Food addiction refers to when the need to eat becomes compulsive or uncontrollable. This compulsive behavior may be in response to an emotion, such as stress, sadness, or anger.
The human body needs food to function, but food addiction is when a person becomes dependent on certain types of foods. Foods that contribute to a food addiction are usually unhealthful, such as chips, candy, or white bread.
Food addiction is closely associated with eating disorders, including obesity, bulimia, and binge eating disorder. One theory suggests that individuals can develop a chemical dependency to particular foods in the same way that people develop addictions to alcohol or cigarettes.
Consuming food triggers chemicals in the brain, such as dopamine, that act as a reward and give pleasurable sensations to the individual. These chemicals can also act as a release from emotional distress.
However, other research argues that there is not enough evidence to say that food has the same addictive qualities as alcohol or cigarettes. This research states that the term 'food addiction' is misleading because it suggests that ingredients themselves are addictive.
Addiction can be split into two categories: addiction to a substance, such as a drug, or addiction to a behavior, such as eating.
Food addiction, it is argued, is an addiction to the behavior of eating.
It is estimated that around 35 percent of adults in the United States are obese. However, people who are obese equate to only about one third of those with a food addiction, even though food addiction is sometimes associated with weight gain.
So, while food addiction may contribute to obesity, it is not the only factor.
It is believed that foods rich in sugar, fat, or starch are more closely associated with food addiction.
The Yale Food Addiction Scale, which is a questionnaire designed to help diagnose food addiction, identified certain foods that appeared to be the more problematic:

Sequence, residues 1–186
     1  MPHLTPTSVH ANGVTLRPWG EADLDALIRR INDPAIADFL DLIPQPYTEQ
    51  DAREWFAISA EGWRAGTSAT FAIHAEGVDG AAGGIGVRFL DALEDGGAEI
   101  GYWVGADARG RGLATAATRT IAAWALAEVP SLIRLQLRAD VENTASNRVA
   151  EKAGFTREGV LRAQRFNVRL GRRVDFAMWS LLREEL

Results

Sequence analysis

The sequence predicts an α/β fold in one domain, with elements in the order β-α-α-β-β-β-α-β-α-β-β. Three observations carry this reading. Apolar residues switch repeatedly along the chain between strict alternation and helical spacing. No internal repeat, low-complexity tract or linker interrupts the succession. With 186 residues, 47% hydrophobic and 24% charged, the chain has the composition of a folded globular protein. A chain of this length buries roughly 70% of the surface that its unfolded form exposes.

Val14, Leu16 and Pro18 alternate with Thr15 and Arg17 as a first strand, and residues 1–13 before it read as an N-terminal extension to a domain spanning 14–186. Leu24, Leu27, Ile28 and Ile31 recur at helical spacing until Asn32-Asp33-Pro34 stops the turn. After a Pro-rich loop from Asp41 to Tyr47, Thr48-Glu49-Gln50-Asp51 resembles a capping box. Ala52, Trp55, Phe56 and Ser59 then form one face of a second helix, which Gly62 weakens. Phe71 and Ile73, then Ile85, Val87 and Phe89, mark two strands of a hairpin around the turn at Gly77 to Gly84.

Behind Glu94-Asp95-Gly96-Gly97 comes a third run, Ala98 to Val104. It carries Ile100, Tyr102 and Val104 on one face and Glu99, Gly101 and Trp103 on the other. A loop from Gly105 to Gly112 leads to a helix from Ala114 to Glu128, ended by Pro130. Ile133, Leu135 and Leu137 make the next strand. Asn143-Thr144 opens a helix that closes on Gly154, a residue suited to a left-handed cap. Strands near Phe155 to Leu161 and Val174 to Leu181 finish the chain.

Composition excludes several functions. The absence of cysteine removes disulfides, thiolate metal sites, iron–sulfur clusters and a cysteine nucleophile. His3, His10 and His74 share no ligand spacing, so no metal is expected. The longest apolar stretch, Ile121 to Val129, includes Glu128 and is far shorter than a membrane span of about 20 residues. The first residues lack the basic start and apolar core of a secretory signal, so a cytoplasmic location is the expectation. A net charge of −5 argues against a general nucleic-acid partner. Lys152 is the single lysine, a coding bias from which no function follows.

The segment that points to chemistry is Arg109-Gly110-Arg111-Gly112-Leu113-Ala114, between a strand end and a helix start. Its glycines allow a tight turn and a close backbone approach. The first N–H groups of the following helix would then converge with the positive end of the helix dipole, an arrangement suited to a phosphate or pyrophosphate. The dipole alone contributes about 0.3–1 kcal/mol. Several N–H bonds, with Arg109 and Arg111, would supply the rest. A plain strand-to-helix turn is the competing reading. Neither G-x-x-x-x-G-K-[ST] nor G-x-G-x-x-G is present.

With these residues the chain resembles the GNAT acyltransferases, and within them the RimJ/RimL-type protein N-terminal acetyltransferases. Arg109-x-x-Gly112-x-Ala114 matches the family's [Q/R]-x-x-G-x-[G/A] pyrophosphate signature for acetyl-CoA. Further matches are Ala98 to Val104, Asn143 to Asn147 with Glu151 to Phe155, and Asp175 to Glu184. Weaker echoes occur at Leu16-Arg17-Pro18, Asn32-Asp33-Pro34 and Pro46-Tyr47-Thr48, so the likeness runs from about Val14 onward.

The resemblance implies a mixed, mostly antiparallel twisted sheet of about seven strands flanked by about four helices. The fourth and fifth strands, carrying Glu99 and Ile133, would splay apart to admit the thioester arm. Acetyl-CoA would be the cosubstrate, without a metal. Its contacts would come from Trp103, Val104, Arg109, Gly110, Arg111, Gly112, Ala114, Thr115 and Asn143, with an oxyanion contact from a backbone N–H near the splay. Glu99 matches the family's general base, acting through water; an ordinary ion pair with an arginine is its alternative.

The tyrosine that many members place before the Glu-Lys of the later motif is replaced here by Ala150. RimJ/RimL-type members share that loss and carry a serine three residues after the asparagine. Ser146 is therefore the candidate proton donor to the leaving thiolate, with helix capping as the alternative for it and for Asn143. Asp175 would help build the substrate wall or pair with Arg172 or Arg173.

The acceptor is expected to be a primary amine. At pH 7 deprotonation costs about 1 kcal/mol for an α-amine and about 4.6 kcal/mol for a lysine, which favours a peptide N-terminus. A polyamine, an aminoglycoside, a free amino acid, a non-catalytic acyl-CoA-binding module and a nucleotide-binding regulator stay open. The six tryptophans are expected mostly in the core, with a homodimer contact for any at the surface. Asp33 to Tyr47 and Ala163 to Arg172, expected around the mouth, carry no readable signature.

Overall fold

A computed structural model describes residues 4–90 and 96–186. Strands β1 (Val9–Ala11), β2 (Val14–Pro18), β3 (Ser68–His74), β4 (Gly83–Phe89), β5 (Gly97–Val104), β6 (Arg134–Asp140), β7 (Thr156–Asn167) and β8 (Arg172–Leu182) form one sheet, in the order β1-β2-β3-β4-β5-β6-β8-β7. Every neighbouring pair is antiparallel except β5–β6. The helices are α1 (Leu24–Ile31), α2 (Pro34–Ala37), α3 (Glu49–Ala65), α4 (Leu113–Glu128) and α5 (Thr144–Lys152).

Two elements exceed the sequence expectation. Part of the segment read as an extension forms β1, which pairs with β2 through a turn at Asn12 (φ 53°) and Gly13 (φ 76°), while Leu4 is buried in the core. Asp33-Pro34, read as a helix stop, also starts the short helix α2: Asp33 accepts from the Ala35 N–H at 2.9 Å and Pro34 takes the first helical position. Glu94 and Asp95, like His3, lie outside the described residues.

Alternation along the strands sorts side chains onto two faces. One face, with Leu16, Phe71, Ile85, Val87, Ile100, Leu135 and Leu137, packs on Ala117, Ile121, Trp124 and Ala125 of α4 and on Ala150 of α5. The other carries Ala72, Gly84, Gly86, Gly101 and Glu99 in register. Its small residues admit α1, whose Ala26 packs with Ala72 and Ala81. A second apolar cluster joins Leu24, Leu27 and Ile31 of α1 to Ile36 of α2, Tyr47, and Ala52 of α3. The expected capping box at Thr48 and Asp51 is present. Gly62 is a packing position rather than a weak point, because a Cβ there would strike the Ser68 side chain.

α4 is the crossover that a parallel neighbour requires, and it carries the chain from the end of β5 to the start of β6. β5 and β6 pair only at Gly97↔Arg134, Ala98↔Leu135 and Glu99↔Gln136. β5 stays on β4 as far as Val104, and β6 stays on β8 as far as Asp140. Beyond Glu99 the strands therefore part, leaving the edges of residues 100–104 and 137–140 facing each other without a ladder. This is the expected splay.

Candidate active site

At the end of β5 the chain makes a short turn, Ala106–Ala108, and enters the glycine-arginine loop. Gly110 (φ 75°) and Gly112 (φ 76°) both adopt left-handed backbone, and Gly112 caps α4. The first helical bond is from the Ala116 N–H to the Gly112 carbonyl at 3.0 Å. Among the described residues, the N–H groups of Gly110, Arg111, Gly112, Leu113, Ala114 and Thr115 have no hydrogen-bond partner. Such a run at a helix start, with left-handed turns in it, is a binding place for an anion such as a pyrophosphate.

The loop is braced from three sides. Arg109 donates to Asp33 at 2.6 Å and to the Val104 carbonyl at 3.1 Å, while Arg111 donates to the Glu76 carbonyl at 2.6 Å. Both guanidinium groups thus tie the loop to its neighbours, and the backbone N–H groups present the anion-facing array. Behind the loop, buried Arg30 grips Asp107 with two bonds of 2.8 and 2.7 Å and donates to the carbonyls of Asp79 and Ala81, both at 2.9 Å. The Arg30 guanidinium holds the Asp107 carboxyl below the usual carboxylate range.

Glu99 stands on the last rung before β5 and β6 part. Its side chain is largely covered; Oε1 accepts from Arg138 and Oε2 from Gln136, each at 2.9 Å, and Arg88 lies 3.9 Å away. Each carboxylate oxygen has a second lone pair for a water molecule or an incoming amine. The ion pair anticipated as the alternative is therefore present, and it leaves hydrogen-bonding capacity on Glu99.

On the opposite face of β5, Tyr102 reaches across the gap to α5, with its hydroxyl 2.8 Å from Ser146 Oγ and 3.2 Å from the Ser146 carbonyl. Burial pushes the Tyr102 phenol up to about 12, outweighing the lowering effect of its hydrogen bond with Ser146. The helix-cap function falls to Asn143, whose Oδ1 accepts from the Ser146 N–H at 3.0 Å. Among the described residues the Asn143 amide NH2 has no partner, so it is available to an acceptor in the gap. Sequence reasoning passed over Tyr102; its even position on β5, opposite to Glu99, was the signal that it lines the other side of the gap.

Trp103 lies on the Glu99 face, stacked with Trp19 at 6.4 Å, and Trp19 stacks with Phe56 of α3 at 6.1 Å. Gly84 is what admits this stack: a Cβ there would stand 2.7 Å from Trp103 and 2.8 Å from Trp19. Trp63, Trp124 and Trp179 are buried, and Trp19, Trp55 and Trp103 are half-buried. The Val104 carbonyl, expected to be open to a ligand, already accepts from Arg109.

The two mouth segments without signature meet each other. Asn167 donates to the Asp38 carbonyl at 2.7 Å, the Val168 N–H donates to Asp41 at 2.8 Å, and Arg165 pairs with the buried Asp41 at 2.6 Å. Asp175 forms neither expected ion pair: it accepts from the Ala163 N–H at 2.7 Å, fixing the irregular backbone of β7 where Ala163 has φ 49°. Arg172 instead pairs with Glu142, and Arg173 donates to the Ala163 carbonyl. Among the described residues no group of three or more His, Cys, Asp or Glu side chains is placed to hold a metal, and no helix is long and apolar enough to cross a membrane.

- white bread
- ice cream
Symptoms of food addiction can be physical, emotional, and social. These symptoms include:
- having obsessive food cravings
- being preoccupied with obtaining and consuming food
- continued binge or compulsive eating
- continued attempts to stop overeating, followed by relapses
- loss of control over how much, how often, and where eating occurs
- negative impact on family life, socializing, and finances
- the need to eat food for emotional release
- eating alone to avoid attention
- eating to the point of physical discomfort or pain
After consuming large quantities of food, a person with a food addiction may also experience negative feelings, such as:
- reduced self-worth
Food addiction can also trigger physical responses, including:
- intensive food restriction
- compulsive exercise
- self-induced vomiting
Treatment for food addiction needs to address the emotional, physical, and psychological needs of the individual.
Treatment will focus on breaking the destructive habit of chronic overeating. The goal is to replace dysfunctional eating habits with healthy ones and to address problems, such as depression or anxiety.
Treatments that have been found to be effective include:
- Cognitive behavioral therapy (CBT), which aims to identify and change thought patterns and create new coping mechanisms for food addiction triggers. CBT can be done individually or in a group with others.
- Medication, which may be used to relieve symptoms of depression or anxiety.
- Solution-focused therapy, which focuses on finding solutions for specific issues in a person's life that cause stress and overeating.
- Trauma therapy, which aims to deal with trauma that may be associated with or may trigger a food addiction.
- Nutritional counseling and dietary planning, which can help a person develop a healthy approach to food choices and meal planning.
There are also several lifestyle changes that may help a person manage a food addiction, including:
- replacing processed foods and sweeteners with nourishing alternatives
- avoiding caffeine
- allowing time for a food craving to subside, which can be 2-5 days or longer
- eating three balanced meals a day
- drinking plenty of water
- sitting at a table while eating, focusing on the food, and chewing slowly
- preparing and sticking to a grocery list of healthful foods when shopping
- cooking meals at home
- exercising regularly
- getting enough sleep
- reducing workplace and social stress
Anyone who feels that their eating is out of control, or who wants help getting to a healthy weight, should speak to their doctor. A doctor will be able to help suggest treatment methods and routines for healthy eating, weight loss, and regular exercise.
A therapist can also help a person develop new coping mechanisms and a more positive relationship with food.